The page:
Around the corner from where I live, a couple of houses are sinking. A subterranean creek runs underneath them, and gravity is unforgiving. They are attached to each other, and have fallen inward at the shared wall like a soufflé taken too soon from the oven. In the neighbourhood, they're known as "the crooked houses," though my kids prefer "the crazy houses."
They're on sale for $688,000 each. The absurd thing is when a neighbour told me the price, it didn't even seem that ridiculous. We are all frogs in the real estate pot, slowly boiling in our own madness. The average price for a semi-detached house in Toronto is $716,000, and people are willing to pay, even if the house in question looks like the Titanic after its unfortunate date with an iceberg.
The agent selling the houses was understandably a bit reluctant to speak ("there's been some negative publicity"), but, as Michael Palmieri noted, the sellers are simply responding to market forces and "it's an extremely strong market." The houses sit on a beautiful, friendly street with one of Toronto's great parks around the corner. They haven't sold yet, but Mr. Palmieri says there's "a lot" of interest.
The new owners will rip down the houses, hire a clever engineer, lay a new foundation (perhaps on a bed of their tears) and build something more valuable, because it is the dream of property owners that the ladder only ever goes in one direction. If they can get their feet on the lowest rung, that is.
No one needs to be reminded of the demented nature of the real estate market in prime urban centres. Every day brings a new report: The average price of a detached house in Greater Vancouver is now $1.4-million; in Toronto it's around $1-million. A modest bungalow in Vancouver sells for nearly $2.5-million and makes headlines. The website Workopolis calculated the annual income you'd need to buy a house in Canada's major cities: $147,000 in Vancouver, $113,000 in Toronto, a mere $75,000 in Ottawa.
In London, where I used to live, house prices in the centre of the city are now 25 times a typical annual salary. A garage sells for $500,000, because some day one very skinny person or two cardboard cut-outs might be able to live in it. A member of Parliament recently stood up to say that even young professionals are living "12 to a house" because they can't afford to rent in London, much less buy.
It used to be easy to tell the haves from the have-nots: The haves travelled in their own Pullman cars and wore live goldfinches in the birdcages braided in their hair. Now all you need is a mortgage and a Wolf range, and perhaps a good stereo system to drown out the teeth-gnashing of the have-nots.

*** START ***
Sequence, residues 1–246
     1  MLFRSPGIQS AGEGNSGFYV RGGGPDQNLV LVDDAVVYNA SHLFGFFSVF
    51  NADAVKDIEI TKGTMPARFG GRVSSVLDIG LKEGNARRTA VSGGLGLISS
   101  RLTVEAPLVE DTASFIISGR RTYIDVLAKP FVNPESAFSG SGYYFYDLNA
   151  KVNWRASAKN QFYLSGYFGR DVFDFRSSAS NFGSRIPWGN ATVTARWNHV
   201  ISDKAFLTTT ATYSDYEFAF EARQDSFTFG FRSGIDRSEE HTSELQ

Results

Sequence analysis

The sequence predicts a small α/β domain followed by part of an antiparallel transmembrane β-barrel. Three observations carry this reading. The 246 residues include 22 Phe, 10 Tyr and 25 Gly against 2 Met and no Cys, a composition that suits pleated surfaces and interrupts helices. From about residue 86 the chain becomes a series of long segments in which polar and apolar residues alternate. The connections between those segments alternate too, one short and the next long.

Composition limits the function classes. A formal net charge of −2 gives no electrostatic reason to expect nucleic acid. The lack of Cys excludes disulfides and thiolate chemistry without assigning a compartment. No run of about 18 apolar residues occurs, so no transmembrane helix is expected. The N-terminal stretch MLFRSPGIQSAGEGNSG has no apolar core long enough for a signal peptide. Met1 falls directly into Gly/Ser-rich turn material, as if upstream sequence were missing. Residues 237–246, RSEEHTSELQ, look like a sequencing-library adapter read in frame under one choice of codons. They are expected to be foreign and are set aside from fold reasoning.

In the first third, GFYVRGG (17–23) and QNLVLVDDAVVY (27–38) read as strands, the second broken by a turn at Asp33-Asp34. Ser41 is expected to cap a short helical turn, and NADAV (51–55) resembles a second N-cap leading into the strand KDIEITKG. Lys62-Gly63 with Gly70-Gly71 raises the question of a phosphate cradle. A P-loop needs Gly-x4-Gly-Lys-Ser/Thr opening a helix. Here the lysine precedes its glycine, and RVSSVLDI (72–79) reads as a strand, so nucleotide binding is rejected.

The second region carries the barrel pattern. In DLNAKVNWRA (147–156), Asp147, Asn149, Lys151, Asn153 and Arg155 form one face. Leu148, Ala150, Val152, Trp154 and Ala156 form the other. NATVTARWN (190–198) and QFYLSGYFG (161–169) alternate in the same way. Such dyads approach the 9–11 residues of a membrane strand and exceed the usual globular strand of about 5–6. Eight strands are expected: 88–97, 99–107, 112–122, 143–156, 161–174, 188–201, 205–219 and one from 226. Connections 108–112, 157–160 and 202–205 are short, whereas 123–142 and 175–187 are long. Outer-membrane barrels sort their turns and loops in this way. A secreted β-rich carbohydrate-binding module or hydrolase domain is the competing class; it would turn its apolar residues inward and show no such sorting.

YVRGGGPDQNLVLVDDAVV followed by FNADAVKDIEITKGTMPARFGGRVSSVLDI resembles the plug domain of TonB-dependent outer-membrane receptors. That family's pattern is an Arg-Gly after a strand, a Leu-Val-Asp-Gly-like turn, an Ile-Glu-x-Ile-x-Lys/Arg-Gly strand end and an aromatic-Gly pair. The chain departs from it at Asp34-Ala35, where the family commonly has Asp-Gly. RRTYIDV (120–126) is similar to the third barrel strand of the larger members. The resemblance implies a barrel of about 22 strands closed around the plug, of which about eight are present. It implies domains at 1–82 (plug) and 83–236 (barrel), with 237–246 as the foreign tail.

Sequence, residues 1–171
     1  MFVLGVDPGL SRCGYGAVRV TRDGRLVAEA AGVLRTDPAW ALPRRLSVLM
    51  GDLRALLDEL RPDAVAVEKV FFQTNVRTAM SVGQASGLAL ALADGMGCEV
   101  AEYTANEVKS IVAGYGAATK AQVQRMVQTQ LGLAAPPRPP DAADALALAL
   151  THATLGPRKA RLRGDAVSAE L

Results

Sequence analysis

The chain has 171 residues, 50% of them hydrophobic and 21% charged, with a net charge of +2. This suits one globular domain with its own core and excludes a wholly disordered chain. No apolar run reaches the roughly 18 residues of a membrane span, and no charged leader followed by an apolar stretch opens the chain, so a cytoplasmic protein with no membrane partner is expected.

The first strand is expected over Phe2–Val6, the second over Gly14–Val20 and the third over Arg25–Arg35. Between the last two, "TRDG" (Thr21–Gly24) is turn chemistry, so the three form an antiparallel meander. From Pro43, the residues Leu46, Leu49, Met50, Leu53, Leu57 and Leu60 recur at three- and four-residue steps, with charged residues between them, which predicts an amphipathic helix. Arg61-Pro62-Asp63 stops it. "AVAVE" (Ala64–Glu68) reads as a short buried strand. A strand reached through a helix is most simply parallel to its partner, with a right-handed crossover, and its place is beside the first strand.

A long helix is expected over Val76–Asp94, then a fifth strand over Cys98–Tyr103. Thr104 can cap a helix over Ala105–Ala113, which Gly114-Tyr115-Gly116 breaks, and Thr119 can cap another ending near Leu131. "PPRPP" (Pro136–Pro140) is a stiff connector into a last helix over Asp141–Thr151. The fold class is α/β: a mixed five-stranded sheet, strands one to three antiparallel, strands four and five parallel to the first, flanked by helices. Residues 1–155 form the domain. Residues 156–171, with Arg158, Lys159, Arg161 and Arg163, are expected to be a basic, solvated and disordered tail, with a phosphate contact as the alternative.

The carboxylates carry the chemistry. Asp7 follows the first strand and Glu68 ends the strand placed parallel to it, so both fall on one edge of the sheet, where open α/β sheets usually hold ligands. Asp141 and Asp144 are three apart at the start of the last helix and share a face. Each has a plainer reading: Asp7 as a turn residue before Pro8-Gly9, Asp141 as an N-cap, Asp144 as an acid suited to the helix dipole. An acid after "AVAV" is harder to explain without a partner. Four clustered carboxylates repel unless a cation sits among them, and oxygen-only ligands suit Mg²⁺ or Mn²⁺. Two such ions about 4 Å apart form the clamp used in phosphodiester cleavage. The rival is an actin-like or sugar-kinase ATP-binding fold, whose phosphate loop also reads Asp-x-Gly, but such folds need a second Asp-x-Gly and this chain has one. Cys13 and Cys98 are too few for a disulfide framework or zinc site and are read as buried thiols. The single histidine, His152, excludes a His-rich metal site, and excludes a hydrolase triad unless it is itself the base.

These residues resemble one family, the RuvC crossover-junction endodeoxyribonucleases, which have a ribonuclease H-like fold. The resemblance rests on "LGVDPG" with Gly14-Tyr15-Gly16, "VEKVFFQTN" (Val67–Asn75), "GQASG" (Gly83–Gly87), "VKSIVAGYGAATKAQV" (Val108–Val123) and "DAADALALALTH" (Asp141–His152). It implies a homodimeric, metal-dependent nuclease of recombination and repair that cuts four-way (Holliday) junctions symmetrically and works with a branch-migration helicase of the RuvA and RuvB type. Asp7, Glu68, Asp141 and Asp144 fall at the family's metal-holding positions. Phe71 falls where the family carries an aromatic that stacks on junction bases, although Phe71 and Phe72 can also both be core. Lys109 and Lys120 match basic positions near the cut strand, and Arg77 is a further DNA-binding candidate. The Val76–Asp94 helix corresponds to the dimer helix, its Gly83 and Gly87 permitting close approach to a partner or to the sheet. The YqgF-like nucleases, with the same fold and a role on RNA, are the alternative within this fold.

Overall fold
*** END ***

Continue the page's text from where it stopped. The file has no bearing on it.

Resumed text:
The circle, of course, perpetuates itself. Talk to real estate agents and they'll tell you that the one thing that allows young buyers to get their foot on the first rung is financial assistance from their families. Earlier this year, The Globe reported that more than 25 per cent of Canadian first-time buyers used family help (the number was 35 per cent in Toronto and 40 per cent in Vancouver). What does this mean for people whose families don't happen to have that kind of money? "Hey, Dad, I know you're living hand-to-mouth, but could you spare $50,000 so I can buy this shack by the side of the highway?"
The other thing that allows young people to get into the game, if they choose, is steady employment. My own experience, though recent in geological terms, seems impossibly quaint. I got a full-time job at 22, with wages and pension negotiated by a union, and when I left that job nine years later I cashed out the pension. Together with my husband's savings, we were able to scrape together a down payment, and now we own a house – or, I should say, we own the cat flap and one downstairs closet door. The bank owns the rest. Just try saying "pension" and "full-time job with benefits" to someone under 30 – you might as well say, "Take the landau to the assembly rooms," for all the sense it would make.
Lots of people think that buying real estate in a precarious economy is a mug's game, that there are better ways to use your money, such as setting fire to it under a bridge. As my colleague Rob Carrick put it, "A buying frenzy right now seems detached from reality."
Yet, for reasons of heart more than head, as a culture we're invested in the idea of a single-family home, ridiculous though it may be. Pretty soon we may rethink this ideal, as our continental European cousins have, and free up a rental market, or become better savers, or invest in a stronger pension system, or learn to cherish the idea of multigenerational living (this is my own dream; don't tell my children). For the moment, though, we're stuck with some haves and a growing number of have-nots, who are watching their dreams sink into the ground.